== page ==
TX. Presentation. Playout. Whatever you call it, they’re the people responsible for taking the programmes, promos, adverts and continuity, packaging it all up, and making sure you have something to watch on your television… with the absolute bare minimum of breakdown captions. Yet oddly enough, despite the interest in the subject on many forums, there’s really very little writing online about what it’s actually like to work in transmission.
Last year, I left Channel 5 TX, having been there for a year and a half – and I thought people might be interested in a few details. What the bloody hell do we actually do all day, apart from sit and watch telly? Here’s your answer.
A few points first, however. Don’t expect any dirt to be dished – much as I’m sure it’d be entertaining to hear me whinge on, it’s not gonna happen. Also, there are certain confidential things which I’d love to be able to talk about, but can’t because… well, they’re confidential. Sorry about that. I can guarantee, however, that none of that affects what I have to say too much. Whilst some of the stuff I’ve had to leave out is really interesting, I think the below still represents the job pretty damn well.
Finally, and I can’t stress this enough: the below is just my perspective on the job. In no way whatsoever does it represent the views of Channel 5, or any of its partner companies.
Right, let’s get started, shall we?
08:00 The day TX controller arrives, bang in the middle of the Milkshake! children’s block. Handover time – one of the most important parts of the day. Any problems spotted overnight are handed over to you, both verbally and in writing – any missing material for the day, and any technical issues from the previous night. A good handover is the difference between a smooth day, and frantic fire-extinguishing as you’re constantly taken by surprise.
As you take the chair, you glance across the huge bank of monitors and make sure everything looks sensible and is in its right place. Same with your schedule for the day – it’s all been checked the previous night, but it’s always sensible to check the next hour yourself straight away to make sure you’re not in immediate danger of falling off air. The key to good TX is noticing problems before they happen.
In front of you on your main computer screen is your playlist. A channel playlist is in many ways very similar to a music playlist you might create at home – more complicated, but the same basic idea. At its simplest, it gives you a list of each event (a trail, an ident, a programme, an advert), the time it broadcasts, and its source (either from server, or an outside line for live shows). This will in general run by itself – you’re not putting each event to air manually, it’ll automatically cue up and run. Which isn’t to say the schedule doesn’t need any manual intervention… but we’ll come to that.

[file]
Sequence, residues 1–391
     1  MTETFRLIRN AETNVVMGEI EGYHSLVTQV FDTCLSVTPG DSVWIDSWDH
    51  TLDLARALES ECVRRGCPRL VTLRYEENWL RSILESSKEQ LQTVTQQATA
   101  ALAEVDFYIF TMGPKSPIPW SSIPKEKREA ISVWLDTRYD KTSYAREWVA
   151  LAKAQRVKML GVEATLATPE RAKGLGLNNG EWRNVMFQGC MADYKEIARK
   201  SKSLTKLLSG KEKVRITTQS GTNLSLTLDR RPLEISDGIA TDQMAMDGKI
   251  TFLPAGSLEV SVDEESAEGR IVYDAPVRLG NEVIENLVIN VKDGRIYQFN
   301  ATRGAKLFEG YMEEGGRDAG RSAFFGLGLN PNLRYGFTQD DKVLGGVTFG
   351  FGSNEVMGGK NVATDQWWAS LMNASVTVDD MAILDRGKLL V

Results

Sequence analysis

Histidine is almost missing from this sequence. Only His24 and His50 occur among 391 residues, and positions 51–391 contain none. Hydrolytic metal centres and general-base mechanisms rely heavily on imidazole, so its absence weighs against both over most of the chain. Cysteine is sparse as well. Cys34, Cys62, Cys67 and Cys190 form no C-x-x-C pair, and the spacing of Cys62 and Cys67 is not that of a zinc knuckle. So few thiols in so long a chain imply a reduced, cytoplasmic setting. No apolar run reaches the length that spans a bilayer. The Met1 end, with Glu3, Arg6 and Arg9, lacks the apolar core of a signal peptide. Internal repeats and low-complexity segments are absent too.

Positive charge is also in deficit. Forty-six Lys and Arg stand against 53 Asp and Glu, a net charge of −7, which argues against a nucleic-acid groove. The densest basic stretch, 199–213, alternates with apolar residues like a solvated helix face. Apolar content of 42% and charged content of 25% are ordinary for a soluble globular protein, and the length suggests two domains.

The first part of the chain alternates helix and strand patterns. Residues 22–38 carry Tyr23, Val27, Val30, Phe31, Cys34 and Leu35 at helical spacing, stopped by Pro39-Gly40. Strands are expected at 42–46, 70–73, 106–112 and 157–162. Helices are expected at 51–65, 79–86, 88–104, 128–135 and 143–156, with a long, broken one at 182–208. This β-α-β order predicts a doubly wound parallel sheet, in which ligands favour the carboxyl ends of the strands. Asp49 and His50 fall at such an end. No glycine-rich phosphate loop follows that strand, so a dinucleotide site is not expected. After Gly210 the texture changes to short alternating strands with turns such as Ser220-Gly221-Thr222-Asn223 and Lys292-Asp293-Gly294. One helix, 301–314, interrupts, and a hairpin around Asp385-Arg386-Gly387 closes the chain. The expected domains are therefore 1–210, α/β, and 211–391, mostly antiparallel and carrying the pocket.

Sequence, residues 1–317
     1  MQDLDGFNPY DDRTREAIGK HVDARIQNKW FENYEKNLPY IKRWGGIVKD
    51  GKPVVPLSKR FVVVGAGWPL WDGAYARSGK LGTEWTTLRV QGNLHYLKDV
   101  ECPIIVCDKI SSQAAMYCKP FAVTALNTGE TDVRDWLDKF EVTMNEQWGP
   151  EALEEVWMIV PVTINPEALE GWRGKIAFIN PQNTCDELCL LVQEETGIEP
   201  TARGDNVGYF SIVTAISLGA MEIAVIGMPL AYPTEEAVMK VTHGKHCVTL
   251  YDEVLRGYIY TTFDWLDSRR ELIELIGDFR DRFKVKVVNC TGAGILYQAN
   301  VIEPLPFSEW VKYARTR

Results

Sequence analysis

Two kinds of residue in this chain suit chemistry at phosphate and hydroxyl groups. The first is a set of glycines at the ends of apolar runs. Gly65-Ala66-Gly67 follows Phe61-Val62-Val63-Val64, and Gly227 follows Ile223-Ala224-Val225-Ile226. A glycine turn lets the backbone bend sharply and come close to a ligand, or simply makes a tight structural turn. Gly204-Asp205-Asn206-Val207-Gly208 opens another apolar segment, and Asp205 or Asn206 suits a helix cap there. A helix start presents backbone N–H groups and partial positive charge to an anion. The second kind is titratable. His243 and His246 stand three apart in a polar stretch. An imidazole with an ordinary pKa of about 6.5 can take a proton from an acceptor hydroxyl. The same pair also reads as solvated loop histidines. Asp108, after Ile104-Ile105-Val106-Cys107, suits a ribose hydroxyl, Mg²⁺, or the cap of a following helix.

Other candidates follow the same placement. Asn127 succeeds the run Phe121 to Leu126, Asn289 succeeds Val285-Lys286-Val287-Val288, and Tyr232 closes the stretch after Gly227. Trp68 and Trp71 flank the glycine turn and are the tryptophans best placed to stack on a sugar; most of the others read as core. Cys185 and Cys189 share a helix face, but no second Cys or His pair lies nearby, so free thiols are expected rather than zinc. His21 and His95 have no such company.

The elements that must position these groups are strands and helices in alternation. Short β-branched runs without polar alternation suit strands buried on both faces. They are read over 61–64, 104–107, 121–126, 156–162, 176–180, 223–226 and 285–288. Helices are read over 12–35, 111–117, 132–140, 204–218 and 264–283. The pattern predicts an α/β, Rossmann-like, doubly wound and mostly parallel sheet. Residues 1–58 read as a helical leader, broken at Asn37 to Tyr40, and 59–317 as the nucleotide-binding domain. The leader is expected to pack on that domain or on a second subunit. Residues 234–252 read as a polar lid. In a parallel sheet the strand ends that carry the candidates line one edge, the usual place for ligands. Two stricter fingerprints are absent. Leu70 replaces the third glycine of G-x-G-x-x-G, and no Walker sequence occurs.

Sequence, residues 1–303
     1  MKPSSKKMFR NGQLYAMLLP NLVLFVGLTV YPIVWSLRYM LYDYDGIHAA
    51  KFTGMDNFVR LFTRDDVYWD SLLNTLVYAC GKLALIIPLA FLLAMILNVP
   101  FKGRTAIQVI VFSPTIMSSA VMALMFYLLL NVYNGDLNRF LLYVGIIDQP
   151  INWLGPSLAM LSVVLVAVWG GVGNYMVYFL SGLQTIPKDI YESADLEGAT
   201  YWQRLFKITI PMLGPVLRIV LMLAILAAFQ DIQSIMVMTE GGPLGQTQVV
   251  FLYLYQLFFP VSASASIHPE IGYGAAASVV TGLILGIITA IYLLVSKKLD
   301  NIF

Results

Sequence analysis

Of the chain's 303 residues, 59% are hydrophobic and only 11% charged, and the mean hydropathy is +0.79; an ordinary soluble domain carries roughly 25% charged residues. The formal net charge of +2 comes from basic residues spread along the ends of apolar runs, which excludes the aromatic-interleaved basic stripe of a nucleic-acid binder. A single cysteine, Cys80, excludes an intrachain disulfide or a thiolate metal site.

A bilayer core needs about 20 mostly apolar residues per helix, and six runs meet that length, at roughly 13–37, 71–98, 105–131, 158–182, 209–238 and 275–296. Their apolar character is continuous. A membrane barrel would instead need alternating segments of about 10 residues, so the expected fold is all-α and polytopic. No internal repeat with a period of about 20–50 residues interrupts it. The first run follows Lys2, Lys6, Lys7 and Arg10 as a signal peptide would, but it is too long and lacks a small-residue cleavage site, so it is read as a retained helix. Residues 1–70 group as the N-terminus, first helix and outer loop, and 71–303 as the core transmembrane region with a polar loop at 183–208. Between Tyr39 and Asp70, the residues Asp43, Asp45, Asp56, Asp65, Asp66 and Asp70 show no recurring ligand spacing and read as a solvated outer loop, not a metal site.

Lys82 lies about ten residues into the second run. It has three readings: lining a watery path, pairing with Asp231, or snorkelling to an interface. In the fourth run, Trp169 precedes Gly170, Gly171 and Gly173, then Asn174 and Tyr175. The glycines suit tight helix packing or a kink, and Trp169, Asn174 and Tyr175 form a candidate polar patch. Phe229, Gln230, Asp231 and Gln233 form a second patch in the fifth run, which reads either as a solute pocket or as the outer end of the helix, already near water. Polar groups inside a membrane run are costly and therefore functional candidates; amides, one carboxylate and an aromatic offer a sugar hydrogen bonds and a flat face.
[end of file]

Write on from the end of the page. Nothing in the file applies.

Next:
All programmes and trails for Channel 5 are now played off server – nothing runs off tape. (Technically it could be in an emergency, but I never had to do it.) Needless to say, there’s a main and a backup server running everything in parallel – so if anything goes wrong with the main server on air, you can flip to the backup with a press of a button.
On the desk is the paper schedule, usually printed out on A3. This is your bible. Any schedule changes or important notes are scrawled across it. (Or, at least, should be.) If you had to evacuate the building at any time, it’s vital you know what’s going on in your schedule… and how long the channel can continue to run without manual intervention.
During the week, most Milkshake! in-vision links are completely live. The links studio used to be right next to TX, but had moved off-site by the time I arrived. (Hence some of the old TX lags moaning they didn’t get the presenters making cups of tea for them any more.) The studio can see a copy of the playlist, so they can count themselves on and off. Occasionally, the TX controller may be needed to intervene – to add or remove a trail, or change the duration of a live link. If you need to talk to any live studio, or they need to talk to TX, you don’t have to rely on the phone – you have a talkback system. A row of buttons for each studio and a microphone = instant communication.
08:20 The PA for The Wright Stuff rings up, and you go through details. What time they’re on air, what time they’re off air, how many commercial breaks, their duration, etc. You also do a clock check to make sure you’re both in sync, and agree to check talkback is working once it’s available.
08:30 MCR line up with The Wright Stuff – checking picture and sound are OK – and then hand over the lines to TX. (MCR are the department in charge of all lines into and out of the building.) You then put the correct source into the schedule so the right line will be cut to air, and put the source of the studio feed up on your preview monitor – just to double-check yourself that things look sensible. At this point the programme is busy setting various things up – you pick a sensible time to buzz through via talkback, just to check communications are working.
09:13 Milkshake! do their last link. A quick goodbye to them over talkback to confirm they are clear, and then you give a minute’s standby for Wright Stuff: “One minute, Wright Stuff.” “Thank you, Channel 5.” They go on air bang on 09:15:00… and are live for two hours.
Doing a live show is, for my money, the best part of the job. Once the show is on air, you sit back and give it your full attention. Your main duty is ad breaks: whilst the live show comes from the studio, all commercials and promos are played out by TX. The PA will give you a minute’s standby to the break, and then give a countdown into the break (on The Wright Stuff, usually a 15-0). To go to the break is almost a cliche: you press a chunky red button, “Take Next”, which moves to the next item in the playlist – in this case, the ads.1 Once you’ve scanned your eyes across the monitor wall to make sure the correct ads are playing out, you let The Wright Stuff know what time they are back on air, and then give a minute’s warning. (It’s worth noting that different TX suites wildly differ in terms of the counts required for live programmes.)